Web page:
Former President Ford hospitalized, released
VAIL, Colo. -- Former President Ford was released from a hospital Wednesday, two days after being admitted for shortness of breath. Ford, 93, was admitted Monday afternoon and released at noon Wednesday, Vail Valley Medical Center said in a written statement. Ford's chief of staff, Penny Circle, said in a statement that Ford planned to return to his home in nearby Beaver Creek. She did not immediately return phone messages. Ford became the nation's oldest living former president after the death of Ronald Reagan in 2004.
U.S. general: Evacuations from Lebanon finishing
WASHINGTON -- A Canadian chartered ship was being sent Wednesday to rescue more than 300 Americans, Australians and citizens of other nations stranded in south Lebanon, as the massive evacuation from the fighting wound down. "We hopefully will get them out on a commercial vessel later this evening," U.S. Marine Corps Brig. Gen. Carl Jensen, head of the U.S. part of the multination evacuations, said early Wednesday. Speaking from Cyprus to a Pentagon news conference, Jensen said that with the pickup, more than 14,000 Americans will have been evacuated from the region, torn by fighting between Israel and Hezbollah guerrillas.
La. congressman wins delay in investigation
WASHINGTON -- A federal appeals court on Wednesday temporarily delayed a Justice Department bribery investigation of a Louisiana congressman while he challenges the legality of an unprecedented FBI raid on his Capitol Hill office. The decision by two members of a three-judge panel means the Justice Department cannot begin a review, set to begin Wednesday, of more than a dozen computer hard drives, several floppy discs and two boxes of documents seized during a May raid on Democratic Rep. William Jefferson's Rayburn Building office.
White House pushes updated wiretap law
WASHINGTON -- As debate continues over the legality of President Bush's domestic spying program, the administration pressed Congress Wednesday to ease decades-old surveillance restrictions to catch up to the technology of the Internet age. But Democrats on the Senate Judiciary Committee countered that legislation updating the 1978 law covering such monitoring -- the Foreign Intelligence Surveillance Act (FISA) -- is tilted too far in favor of Bush since it would also award a secret court jurisdiction to determine whether the current program is legal. They argue that updating the law is a secondary concern since the White House claims its ongoing surveillance operations in the war on terror are not bound by it.
Turnpike chief's attorney tries to block ouster effort
BOSTON -- An attorney for Massachusetts Turnpike Authority chief Matthew Amorello argued in court Wednesday that Gov. Mitt Romney has no authority to oust him from the independent agency over the troubled Big Dig. State Supreme Judicial Court Justice Francis X. Spina did not immediately rule on Amorello's request to block Romney from going forward today with a hearing on the MTA chief's job status. Spina also did not indicate when he would rule in another lawsuit filed by three MTA board members who contend Amorello's refusal to hold an emergency meeting has hurt the public's confidence in the project after a fatal tunnel ceiling collapse July 10.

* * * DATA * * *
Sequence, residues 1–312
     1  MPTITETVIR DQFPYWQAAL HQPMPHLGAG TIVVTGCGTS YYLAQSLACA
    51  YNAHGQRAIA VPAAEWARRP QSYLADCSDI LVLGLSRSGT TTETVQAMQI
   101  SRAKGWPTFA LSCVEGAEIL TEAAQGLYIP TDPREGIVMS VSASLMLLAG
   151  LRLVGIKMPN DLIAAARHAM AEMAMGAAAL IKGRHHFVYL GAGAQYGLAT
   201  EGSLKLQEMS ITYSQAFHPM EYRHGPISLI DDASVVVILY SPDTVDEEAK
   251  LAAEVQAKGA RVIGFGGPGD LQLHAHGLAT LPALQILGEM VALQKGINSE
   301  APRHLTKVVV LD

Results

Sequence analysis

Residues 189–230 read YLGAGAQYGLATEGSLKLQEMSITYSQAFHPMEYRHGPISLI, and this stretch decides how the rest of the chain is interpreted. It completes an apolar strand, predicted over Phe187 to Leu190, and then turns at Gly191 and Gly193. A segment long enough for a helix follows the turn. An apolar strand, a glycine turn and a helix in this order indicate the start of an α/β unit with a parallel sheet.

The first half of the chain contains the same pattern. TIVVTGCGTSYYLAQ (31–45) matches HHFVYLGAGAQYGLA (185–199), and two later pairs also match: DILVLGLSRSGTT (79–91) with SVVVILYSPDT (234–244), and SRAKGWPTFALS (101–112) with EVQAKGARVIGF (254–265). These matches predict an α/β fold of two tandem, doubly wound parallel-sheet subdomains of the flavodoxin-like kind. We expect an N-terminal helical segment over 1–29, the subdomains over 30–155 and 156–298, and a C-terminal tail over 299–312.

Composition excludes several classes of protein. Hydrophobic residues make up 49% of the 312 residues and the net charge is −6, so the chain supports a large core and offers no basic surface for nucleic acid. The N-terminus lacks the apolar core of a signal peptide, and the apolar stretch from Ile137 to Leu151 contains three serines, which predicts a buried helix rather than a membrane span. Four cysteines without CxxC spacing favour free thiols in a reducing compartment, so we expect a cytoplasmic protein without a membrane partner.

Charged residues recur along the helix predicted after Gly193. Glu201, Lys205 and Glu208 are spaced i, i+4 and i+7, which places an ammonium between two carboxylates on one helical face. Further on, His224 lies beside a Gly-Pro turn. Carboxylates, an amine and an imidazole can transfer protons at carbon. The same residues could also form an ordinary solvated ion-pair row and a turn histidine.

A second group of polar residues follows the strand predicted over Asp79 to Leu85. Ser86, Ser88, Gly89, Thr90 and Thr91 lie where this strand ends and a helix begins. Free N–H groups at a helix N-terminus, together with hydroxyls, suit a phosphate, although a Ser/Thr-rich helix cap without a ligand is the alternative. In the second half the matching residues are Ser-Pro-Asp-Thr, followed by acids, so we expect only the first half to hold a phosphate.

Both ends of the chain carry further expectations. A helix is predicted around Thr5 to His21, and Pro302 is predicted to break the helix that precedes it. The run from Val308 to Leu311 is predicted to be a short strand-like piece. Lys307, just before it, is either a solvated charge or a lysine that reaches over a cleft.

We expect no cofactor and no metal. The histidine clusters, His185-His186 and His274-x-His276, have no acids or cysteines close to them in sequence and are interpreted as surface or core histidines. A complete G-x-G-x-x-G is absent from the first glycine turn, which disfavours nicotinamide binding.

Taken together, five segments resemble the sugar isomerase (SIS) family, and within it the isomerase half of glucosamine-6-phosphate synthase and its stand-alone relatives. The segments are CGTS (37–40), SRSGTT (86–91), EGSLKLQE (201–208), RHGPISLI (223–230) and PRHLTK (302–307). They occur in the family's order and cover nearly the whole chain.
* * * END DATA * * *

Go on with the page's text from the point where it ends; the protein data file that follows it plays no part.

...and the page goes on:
Northwest flights delayed for 2nd day
MINNEAPOLIS -- A computer glitch caused more delays for some Northwest Airlines Corp. flights Wednesday, as the carrier attempted to fly a full schedule while its technicians worked to fix the problem that delayed nearly 300 flights Tuesday. While no flights were canceled Wednesday, about 80 Northwest flights had been delayed an average of 20 minutes by midmorning.
White House working on detainee legislation
WASHINGTON -- Attorney General Alberto Gonzales said Wednesday the administration is pursuing legislation that would authorize the same military tribunals the Supreme Court last month called illegal. In an interview on C-SPAN, Gonzales confirmed the administration had drafted a proposal that would allow indefinite detention of suspected terrorists. The draft is now being circulated among military lawyers for comment. "There may be instances where it is impractical to bring someone to trial within 120 days or a short period of time," Gonzales said. Gonzales also confirmed the administration was considering a system that would allow reliable hearsay evidence when prosecuting terror suspects. Defendants also would be barred from their own trials if it necessary to protect national security.
National Park Service director resigns
WASHINGTON -- The director of the National Park Service announced her resignation Wednesday from an agency often at odds with environmentalists for shifting its focus from conservation to recreation. Fran Mainella headed the agency for six years and most recently oversaw a controversial rewrite of management policies for the parks under its care. Mainella is leaving her position to devote more time to her family, according to a Park Service release.
-- From wire reports